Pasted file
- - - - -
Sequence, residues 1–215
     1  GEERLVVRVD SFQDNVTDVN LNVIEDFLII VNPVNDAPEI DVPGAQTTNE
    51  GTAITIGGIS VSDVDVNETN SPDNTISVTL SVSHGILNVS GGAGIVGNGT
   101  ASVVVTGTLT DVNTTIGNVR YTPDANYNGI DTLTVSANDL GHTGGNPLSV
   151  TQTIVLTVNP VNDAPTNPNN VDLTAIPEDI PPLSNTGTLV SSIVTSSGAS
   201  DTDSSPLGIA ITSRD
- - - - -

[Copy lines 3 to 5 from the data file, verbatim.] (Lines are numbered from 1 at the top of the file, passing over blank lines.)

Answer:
    51  GTAITIGGIS VSDVDVNETN SPDNTISVTL SVSHGILNVS GGAGIVGNGT
   101  ASVVVTGTLT DVNTTIGNVR YTPDANYNGI DTLTVSANDL GHTGGNPLSV
   151  TQTIVLTVNP VNDAPTNPNN VDLTAIPEDI PPLSNTGTLV SSIVTSSGAS